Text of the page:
Management Articles: page 1

How self-reflection energizes leaders

Squeezing the Orange of Social Science podcast hosts Professor Dan Cable and comedian Akin Omobitan are joined by author and leadership mentor Terence Mauri. Together, the trio squeeze a research paper by Martin L. Schaffel Professor Klodiana Lanaj, W.A. McGriff, III Professor Amir Erez and Trevor Foulk (Ph.D. ’17) of the University of Maryland Robert H. Smith School of Business that scientifically finds measurable methods by which leaders can better harness their energy and be more influential at work. Listen in on

Keeping up with the Joneses: New research finds executives accept positions that enhance social status rather than increase pay

GAINESVILLE, Fla. – It’s been said that you’re only as good as the company you keep. With that in mind, it would be safe to say that if Apple’s Tim Cook, Berkshire Hathaway’s Warren Buffett or Amazon’s Jeff Bezos were your peers, you could count yourself among the leaders of some of the world’s top companies. With a combined net worth of over $217 billion, it’s also safe to say that you could also count yourself among the richest leaders

New research finds student loan debt hinders students’ chances at securing a full-time job upon graduation

GAINESVILLE, Fla. – In 2020, student loan debt in the United States hit a record high of $1.56 trillion. With the average student loan debt at almost $33,000, it’s no surprise that previous studies have found there are significant long-term consequences of student loan debt, like delaying the transition to adulthood and homeownership. In order to curb the crushing feeling student loan debt brings, many students focus their efforts on finding a well-paying job after graduation. However, having student loan

“I am not a crook”: How companies can respond when a partner is embroiled in scandal

GAINESVILLE, Fla. – Watergate. The Iran-Contra Affair. Monica Lewinsky. Political scandals like these are rooted deep in the minds of Americans across generations. With new ones coming to light even now, like potential insider trading among U.S. Senators amid the COVID-19 outbreak, it’s no surprise that in 2018, 75 percent of voters indicated that corruption in politics was their top concern in the then-upcoming election cycle.   The American people shouldn’t be the only ones concerned, though. Businesses can be just

On Apple’s ‘Batterygate’: Why settling for $500 million is the wrong move

Apple recently settled a class-action lawsuit over 2017’s Batterygate, a lawsuit that was filed when Apple’s software updates resulted in the throttling of iPhones with older batteries, in effect slowing down older models, leading users to believe that they needed to replace their phones. Read more about how Warrington professor Dr. Larry DiMatteo’s recent paper was highlighted by Forbes in this recent article about Batterygate.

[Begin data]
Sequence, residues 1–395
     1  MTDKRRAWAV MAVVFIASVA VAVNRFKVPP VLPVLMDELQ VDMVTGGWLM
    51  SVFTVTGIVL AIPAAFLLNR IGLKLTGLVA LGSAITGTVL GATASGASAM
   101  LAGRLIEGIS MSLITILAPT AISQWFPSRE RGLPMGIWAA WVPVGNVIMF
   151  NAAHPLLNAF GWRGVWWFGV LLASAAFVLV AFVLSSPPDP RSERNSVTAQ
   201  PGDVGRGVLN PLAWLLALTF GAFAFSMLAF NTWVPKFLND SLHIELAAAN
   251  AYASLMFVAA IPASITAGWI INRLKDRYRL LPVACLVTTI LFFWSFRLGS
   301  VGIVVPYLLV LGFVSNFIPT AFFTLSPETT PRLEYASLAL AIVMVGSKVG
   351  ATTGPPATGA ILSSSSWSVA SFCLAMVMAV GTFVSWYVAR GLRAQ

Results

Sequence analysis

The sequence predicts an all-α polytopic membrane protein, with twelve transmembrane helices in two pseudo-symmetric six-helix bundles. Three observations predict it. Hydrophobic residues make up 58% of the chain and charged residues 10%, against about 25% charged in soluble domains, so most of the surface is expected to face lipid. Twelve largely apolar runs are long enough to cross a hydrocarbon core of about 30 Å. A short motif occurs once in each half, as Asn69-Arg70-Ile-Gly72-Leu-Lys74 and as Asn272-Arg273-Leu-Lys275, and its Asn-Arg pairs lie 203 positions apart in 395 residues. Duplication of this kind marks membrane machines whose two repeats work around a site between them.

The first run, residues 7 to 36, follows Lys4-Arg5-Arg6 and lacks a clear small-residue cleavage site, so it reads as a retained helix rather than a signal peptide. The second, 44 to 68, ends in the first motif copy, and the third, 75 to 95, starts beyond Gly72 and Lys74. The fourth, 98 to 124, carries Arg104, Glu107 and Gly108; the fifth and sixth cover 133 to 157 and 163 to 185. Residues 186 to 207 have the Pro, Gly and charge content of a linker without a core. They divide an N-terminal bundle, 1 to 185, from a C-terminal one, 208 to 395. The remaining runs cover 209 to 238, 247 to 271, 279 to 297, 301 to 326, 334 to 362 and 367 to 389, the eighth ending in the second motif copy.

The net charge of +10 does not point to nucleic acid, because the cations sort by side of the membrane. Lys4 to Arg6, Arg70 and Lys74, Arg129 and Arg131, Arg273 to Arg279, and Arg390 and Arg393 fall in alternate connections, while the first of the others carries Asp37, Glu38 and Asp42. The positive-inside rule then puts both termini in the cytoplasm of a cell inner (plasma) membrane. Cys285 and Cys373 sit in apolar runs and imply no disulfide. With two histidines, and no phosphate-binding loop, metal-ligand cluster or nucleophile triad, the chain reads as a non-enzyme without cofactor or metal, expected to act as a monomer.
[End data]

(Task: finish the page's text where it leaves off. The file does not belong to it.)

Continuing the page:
Don’t put all your eggs in one basket: New research highlights the pitfalls of business dependence on government contracts

GAINESVILLE, Fla. – If you’re one of the millions of Americans preparing to file your taxes, you might be wondering, how is the government planning on spending my money? Of the estimated $1.8 trillion that the federal government is projected to receive from income taxes in 2020, about $550 billion goes to paying for goods and services provided by businesses through contracts with the government. These goods and services range broadly – your money could be used to purchase telecommunications

Management professor’s paper named third most popular of the decade

GAINESVILLE, Fla. – A research paper by Dr. Joyce Bono, W.A. McGriff, III Professor, was named among the most popular articles of the past ten years by Nonprofit Management & Leadership. From 2010-2019, “Sources of volunteer motivation: Transformational leadership and personal motives influence volunteer outcomes” was cited 33 times per year, making it the No. 3 article on the list. Nonprofit Leadership & Management’s list established the 15 most popular articles published in the journal between 2010 and 2019 by

Warrington management department ranked No. 4 in research productivity per capita

GAINESVILLE, Fla. – The Department of Management at the University of Florida Warrington College of Business ranked No. 4 for research productivity per capita in the 2019 Texas A&M/University of Georgia Rankings of Management Department Research Productivity. “I am really proud of our department’s prolific work,” said Mo Wang, Lanzillotti-McKethan Eminent Scholar Chair, Department of Management Chair and Director of the Human Resource Research Center. “Compared to our peers, we are a rather small department, but we have world-class productivity.”

Warrington management professor named among 30 thinkers to watch

GAINESVILLE, Fla. – Dr. Klodiana Lanaj, Martin L. Schaffel Professor in the University of Florida Warrington College of Business’ Department of Management, was named among a list of 30 worldwide thinkers to watch in the coming year as a member of Thinkers50 Radar Class of 2020. Thinkers50 Radar is produced annually and features the top 30 emerging management and business thinkers whose ideas are likely to make lasting contributions to how organizations are managed and led. Thinkers50 Radar brings an

The Business of…Valentine’s Day gifts

Business principles are prevalent throughout almost all industries that impact your life. We decided to take a look at how business leaders implement these principles in their companies and how academic experts explain the impact business principles have on the decisions business leaders make. From real-world practice to years of study, our experts break down the business of everything you’ve wanted to know about. Love is in the air this month, and with it comes gift giving. Read on to